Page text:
Explores the way chaos theory is incorporated in the work of such writers as Toni Morrison, Thomas Pynchon, John Barth, Don DeLillo, and Michael Crichton. Beautiful Chaos is the first book to examine contemporary American fiction through the lens of chaos theory. The book focuses on recent works of fiction by John Barth, Michael Crichton, Don DeLillo, Michael Dorris, Cormac McCarthy, Toni Morrison, Thomas Pynchon, Carol Shields, and Robert Stone, all of whom incorporate aspects of chaos theory in one or more of their novels. They accomplish this through their disruption of conventional linear narrative forms and their use of strategic tropes of chaos and order, but also—and more significantly for an understanding of the interaction of science and fiction—through their self-conscious embrace of the current rhetoric of chaos theory. Since the publication of James Gleick’s Chaos: Making a New Science in 1987, chaos theory has been taken up by a wide variety of literary critics and other scholars of the arts. While considering the relationship between chaos theory and recent American fiction, Beautiful Chaos details basic assumptions about orderly and dynamic systems and the various manifestations of chaos theory in literature, including mimesis, metaphor, model, and metachaotics. It also explains particular features of orderly and dynamic systems, including entropy, bifurcation and turbulence, noise and information, scaling and fractals, iteration, and strange attractors.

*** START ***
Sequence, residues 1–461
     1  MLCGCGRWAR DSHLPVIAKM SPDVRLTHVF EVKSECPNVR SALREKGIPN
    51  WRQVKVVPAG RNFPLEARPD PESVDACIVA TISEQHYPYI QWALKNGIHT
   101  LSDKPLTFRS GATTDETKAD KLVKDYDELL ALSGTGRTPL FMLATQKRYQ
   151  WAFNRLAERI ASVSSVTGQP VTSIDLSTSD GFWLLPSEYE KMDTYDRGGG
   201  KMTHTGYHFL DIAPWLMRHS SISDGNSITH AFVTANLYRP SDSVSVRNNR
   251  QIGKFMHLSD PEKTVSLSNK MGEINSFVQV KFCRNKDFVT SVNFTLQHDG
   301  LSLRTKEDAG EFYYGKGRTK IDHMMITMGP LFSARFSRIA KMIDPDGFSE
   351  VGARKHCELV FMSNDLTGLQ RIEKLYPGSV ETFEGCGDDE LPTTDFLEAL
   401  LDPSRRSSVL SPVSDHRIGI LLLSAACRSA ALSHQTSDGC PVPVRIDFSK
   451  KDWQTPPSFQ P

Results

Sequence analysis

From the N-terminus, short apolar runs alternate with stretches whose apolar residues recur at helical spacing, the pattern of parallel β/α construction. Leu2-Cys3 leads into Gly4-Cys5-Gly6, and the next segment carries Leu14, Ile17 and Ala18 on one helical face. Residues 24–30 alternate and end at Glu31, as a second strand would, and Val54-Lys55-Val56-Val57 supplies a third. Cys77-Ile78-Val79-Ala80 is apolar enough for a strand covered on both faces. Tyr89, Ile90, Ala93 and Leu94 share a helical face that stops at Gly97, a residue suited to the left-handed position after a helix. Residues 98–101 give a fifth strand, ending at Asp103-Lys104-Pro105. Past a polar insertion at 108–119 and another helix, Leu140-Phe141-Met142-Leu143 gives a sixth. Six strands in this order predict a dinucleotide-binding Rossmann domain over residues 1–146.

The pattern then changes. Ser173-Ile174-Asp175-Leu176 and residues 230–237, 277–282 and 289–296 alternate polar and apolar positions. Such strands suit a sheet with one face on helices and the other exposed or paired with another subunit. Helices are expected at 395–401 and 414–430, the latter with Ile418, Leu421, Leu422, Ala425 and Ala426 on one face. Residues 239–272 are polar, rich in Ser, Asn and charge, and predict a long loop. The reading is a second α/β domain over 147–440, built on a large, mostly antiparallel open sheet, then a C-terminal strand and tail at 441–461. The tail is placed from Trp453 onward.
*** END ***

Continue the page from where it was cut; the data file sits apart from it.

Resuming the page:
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Kurt Vonnegut's Crusade; or, How a Postmodern Harlequin Preached a New Kind of Humanism